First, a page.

What he wasn’t expecting was the power of the heat in the air. He describes the experience as “someone opening a fan forced oven and a gush of scorching hot air smacking my body.”
The gloves on his hands and the visor on his face melted. “I threw off my helmet and gloves and retreated to behind a water tank. I went to check on my neighbour and when I realised he had left I got some water and started walking.”
He was relieved to see police officer Cliff Scarlett drive up. “Cliff drove me to Cobargo but as you can imagine all emergency services were under strain at the time.”
The wait for an ambulance was going to be hours and so Cliff ensured Ian was taken to the Volunteer Rescue Association in Bega for help.
“The crew there gave me damp towels to put over my face. My eyes were sore and starting to swell.”
The Volunteer Rescue Association ended up taking Ian directly to Bega Hospital where he was met by Dr Oates. Once at the hospital his injuries were assessed, he was stabilised and transported to Concord Hospital in Sydney which has a speciality burns unit.
The recovery process has taken a whole year but Ian says he’s feeling more normal these days.
“If it wasn’t for the efforts and quick thinking of police officer Cliff Scarlett, who himself risked his life to ensure others were OK, and the efforts of Volunteer Rescue Association personnel things could have been different for me. Everyone involved in helping me, including Dr Oates, made the right decisions at the time. For that I am eternally grateful.”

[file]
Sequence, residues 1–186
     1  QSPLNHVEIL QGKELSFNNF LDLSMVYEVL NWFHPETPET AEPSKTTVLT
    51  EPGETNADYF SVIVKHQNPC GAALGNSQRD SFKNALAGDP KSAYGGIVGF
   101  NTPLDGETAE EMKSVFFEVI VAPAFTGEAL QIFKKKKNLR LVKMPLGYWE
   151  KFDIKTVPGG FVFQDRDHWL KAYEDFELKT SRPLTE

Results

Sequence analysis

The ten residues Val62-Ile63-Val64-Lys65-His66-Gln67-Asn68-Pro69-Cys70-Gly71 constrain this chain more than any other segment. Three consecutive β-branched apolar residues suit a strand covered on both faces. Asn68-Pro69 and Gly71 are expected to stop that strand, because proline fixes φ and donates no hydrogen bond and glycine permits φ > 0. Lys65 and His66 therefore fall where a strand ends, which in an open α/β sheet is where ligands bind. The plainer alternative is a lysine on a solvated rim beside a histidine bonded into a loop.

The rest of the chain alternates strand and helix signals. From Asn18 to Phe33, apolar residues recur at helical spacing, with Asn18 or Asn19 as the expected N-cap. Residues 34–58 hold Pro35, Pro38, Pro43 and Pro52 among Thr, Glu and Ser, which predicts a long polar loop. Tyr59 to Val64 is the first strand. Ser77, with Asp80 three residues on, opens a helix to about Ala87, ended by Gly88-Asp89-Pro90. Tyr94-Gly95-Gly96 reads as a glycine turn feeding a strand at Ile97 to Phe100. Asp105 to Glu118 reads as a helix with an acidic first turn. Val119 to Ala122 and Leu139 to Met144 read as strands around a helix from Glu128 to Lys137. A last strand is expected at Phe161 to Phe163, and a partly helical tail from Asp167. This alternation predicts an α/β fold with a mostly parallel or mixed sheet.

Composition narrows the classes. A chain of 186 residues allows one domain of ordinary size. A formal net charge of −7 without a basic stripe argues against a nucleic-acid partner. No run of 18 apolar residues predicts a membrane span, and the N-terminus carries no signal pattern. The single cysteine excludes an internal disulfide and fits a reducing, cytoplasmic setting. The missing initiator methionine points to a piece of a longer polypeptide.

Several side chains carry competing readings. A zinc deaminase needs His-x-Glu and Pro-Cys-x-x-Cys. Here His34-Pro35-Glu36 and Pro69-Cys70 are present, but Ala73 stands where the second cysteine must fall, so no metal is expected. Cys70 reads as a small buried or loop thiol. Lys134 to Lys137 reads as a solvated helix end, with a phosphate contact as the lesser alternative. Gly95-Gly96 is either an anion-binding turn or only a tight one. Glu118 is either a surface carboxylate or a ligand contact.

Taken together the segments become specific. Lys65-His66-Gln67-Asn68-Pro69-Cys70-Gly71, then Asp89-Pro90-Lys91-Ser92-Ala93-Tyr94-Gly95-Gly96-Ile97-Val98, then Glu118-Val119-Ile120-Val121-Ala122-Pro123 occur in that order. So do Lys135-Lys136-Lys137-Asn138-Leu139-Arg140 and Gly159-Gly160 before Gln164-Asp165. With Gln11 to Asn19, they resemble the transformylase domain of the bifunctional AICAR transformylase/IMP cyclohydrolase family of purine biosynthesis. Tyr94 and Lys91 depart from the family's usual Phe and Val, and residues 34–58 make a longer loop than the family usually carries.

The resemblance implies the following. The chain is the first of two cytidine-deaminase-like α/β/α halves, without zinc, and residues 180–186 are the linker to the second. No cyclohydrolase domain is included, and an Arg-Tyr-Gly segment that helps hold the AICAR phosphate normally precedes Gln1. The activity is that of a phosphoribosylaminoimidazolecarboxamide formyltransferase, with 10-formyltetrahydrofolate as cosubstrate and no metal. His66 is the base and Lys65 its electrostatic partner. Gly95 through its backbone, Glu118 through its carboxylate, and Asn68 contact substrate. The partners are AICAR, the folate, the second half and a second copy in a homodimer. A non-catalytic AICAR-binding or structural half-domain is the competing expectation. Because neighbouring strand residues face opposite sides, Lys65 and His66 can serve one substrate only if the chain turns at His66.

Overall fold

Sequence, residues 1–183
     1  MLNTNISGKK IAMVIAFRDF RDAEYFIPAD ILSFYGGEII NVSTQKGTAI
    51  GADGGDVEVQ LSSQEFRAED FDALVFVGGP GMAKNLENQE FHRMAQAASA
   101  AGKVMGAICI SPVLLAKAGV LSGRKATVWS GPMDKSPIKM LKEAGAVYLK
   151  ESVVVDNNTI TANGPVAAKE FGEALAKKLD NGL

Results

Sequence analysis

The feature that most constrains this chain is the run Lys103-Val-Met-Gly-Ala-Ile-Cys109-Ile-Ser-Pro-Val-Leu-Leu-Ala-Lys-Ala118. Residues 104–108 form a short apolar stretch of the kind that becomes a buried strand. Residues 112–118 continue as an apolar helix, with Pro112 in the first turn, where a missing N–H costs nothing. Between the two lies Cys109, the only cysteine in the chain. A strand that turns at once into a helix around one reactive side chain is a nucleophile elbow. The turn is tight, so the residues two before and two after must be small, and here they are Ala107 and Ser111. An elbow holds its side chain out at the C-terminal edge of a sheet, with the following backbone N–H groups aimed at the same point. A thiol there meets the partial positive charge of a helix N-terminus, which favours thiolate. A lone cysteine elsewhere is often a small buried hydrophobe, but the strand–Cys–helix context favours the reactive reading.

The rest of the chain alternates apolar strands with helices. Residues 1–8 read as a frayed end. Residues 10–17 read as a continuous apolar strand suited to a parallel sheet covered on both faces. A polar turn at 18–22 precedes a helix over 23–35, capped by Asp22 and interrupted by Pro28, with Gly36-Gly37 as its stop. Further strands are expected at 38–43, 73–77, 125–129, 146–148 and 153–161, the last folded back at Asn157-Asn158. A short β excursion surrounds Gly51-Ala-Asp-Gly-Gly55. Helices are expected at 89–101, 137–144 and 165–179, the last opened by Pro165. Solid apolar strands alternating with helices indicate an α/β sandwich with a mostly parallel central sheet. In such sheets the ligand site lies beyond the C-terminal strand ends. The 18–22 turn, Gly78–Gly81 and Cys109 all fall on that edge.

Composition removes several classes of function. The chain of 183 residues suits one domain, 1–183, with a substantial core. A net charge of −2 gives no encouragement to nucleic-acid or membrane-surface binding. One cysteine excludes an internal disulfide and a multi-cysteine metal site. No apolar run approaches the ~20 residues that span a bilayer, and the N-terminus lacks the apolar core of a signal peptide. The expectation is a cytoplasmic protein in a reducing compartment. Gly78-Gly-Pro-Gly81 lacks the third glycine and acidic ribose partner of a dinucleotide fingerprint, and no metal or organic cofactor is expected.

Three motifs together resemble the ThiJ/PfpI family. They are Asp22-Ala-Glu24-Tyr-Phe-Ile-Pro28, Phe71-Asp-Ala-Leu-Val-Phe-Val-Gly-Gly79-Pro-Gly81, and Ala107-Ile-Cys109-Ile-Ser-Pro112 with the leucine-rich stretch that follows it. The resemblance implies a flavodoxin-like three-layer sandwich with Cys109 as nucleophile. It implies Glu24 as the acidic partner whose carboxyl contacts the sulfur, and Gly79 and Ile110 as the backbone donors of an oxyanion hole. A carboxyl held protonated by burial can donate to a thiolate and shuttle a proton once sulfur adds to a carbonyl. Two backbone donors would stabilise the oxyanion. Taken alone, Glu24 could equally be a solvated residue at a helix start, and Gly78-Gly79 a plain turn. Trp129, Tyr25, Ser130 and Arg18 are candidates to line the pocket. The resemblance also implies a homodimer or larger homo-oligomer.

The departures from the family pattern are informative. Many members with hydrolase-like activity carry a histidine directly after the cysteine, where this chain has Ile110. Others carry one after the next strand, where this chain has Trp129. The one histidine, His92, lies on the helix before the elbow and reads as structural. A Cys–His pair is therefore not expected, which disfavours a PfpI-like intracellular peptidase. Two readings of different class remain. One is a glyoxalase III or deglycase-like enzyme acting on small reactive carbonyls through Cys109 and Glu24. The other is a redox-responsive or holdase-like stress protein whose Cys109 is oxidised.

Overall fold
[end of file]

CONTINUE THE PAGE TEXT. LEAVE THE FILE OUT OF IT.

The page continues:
Dr Oates states, “Emergency and trauma can be a challenging and stimulating part of medicine. It is high stakes but the reward of knowing you did your part to help someone is a wonderful feeling. I want to share some of this experience with our first year Doctor of Medicine and Surgery students who are experiencing rural medicine this week.”
To give students an insight into how patients are treated before they arrive at hospital, Dr Oates along with personnel from emergency services (ie. NSW State Emergency Services, Rural Fire Service, Fire and Rescue, the Volunteer Rescue Association, NSW Ambulance) have organised a multi-vehicle accident and fire scenario.
“In the case of a car accident, the role of the emergency services team is to extricate, triage, stabilise and transport to hospital. Along the way, the team will phone the hospital and provide details about the incoming patients. Based on the situation, the hospital will decide whether to assemble a trauma team at the receiving hospital. In some circumstances, the retrieval helicopter will intercept the emergency services and patient at the roadside, and stabilise and transport the patient from there.”
“I know when I was a student and participated in an emergency scenario, I found it very stimulating and memorable. I hope the students who participate in the emergency services exercise also have this experience and, ultimately, the insights they gain from today will help some of them consider a career in rural or regional environment.”